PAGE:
So says Inigo Montoya in the well-known movie The Princess Bride, and I have to say, I agree with him. He is, of course, waiting for the man in black to finish climbing the mountain so he can sword fight him. My life isn’t nearly that thrilling. The most exciting thing for which I’m waiting right now is the publication of my first novel. I’m learning that a lot of writing involves waiting- waiting to hear whether or not they like my manuscript when I send it in, waiting to receive an edited copy, waiting for a second edited copy, interior design, proofreading… You get the picture. There are a lot of steps, and the whole process takes more than a year from start to finish. While I’m in the middle of the process, that seems like an awfully long time. But all things considered, that’s not a terrible wait time. And I need to remind myself that it’s actually good that it takes as long as it does. I don’t want to rush through the steps of editing and proofreading only to end up with a sloppy end product. Even though I may wish it was a shorter process, in the end, it’s totally worth the wait.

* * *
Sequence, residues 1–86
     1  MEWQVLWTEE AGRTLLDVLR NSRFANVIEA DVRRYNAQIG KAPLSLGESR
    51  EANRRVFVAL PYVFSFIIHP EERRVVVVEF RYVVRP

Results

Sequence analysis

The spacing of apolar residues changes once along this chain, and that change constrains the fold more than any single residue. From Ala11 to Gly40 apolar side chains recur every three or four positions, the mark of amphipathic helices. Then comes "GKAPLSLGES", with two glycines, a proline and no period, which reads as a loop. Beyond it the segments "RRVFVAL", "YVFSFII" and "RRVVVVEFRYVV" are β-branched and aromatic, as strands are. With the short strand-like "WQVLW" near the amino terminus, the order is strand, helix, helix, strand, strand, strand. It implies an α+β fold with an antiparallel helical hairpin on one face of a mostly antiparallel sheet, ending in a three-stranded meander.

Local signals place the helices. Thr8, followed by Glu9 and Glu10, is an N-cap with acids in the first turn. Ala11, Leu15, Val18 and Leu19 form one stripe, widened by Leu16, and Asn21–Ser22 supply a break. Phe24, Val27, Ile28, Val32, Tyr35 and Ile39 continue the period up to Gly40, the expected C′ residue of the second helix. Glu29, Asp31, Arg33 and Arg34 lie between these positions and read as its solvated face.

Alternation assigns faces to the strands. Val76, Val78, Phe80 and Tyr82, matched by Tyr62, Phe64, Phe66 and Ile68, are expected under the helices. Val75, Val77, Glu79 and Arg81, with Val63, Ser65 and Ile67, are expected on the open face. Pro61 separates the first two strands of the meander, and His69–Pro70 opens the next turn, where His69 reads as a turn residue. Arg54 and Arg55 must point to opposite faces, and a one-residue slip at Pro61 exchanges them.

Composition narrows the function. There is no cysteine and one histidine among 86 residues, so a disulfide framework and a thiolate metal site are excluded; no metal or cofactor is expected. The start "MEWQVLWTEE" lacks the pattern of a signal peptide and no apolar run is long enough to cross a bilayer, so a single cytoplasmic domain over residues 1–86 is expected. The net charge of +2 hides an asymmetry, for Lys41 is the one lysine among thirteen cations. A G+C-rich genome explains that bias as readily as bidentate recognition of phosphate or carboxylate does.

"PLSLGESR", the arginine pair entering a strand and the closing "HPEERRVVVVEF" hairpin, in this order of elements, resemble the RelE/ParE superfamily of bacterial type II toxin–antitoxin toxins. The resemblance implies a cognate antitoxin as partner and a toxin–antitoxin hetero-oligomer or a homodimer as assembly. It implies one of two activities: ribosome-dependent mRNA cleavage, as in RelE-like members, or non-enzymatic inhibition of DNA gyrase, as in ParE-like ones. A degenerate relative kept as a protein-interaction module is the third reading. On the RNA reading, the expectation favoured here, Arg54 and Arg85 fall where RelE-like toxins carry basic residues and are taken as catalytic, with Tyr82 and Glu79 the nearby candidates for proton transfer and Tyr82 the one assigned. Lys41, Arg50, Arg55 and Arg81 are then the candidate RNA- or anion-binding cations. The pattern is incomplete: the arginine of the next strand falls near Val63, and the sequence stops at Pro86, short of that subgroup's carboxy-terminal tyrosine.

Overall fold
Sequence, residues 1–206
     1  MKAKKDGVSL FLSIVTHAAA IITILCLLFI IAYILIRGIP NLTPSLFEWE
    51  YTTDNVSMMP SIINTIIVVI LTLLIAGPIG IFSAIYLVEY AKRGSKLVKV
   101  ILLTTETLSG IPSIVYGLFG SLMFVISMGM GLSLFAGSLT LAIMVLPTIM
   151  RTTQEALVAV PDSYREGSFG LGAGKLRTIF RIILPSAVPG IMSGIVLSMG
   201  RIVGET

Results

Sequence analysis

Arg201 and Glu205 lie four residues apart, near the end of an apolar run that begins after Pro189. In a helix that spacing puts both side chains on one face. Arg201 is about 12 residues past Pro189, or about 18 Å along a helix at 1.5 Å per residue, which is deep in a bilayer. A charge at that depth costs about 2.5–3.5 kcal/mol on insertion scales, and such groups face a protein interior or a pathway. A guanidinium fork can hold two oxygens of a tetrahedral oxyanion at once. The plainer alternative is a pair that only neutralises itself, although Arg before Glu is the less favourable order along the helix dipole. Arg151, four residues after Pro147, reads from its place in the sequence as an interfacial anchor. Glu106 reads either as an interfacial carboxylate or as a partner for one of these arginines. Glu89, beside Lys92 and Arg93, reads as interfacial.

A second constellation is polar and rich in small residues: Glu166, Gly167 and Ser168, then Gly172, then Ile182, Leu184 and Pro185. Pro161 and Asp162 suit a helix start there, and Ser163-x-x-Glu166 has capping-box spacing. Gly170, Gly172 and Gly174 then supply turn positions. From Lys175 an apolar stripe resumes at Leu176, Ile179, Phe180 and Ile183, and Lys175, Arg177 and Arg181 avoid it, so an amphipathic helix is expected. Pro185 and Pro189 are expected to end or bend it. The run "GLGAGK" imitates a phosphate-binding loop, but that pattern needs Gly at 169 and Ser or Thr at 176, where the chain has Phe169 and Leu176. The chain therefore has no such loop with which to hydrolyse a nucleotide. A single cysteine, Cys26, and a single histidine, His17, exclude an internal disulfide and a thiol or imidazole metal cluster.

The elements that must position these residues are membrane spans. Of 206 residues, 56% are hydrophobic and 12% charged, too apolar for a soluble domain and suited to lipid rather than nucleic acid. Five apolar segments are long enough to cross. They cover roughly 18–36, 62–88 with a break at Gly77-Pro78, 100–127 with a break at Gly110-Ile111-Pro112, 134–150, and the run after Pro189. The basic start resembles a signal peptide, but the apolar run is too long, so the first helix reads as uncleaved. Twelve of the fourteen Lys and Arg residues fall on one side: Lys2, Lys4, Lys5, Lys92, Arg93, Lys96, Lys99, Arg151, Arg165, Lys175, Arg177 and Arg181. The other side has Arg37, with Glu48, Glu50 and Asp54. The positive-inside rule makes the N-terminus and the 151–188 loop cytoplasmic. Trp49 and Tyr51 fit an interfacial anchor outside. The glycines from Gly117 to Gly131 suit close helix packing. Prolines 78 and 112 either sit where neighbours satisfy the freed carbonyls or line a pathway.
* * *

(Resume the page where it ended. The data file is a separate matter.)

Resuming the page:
Some time ago I did my quarterly …
semi-annual … okay, annual (if I’m lucky) full-house carpet cleaning. I’m talking pulling out beds, moving dressers, and rearranging furniture. Oh, sure, I use it here and there to spot clean, but this was different. I focused on a different room each day, and by the end of the week, the carpets were squeaky clean, and I was feeling pretty happy about my progress, so I decided to use the upholstery tool to clean the couch and armchair as well. Looking at our couch beforehand, it didn’t look especially disgusting. It’s beige, so it showed a few discolorations, sure, where the kids spilled something or other. But I had the false impression that it was fairly clean overall. Boy, was I wrong. Continue reading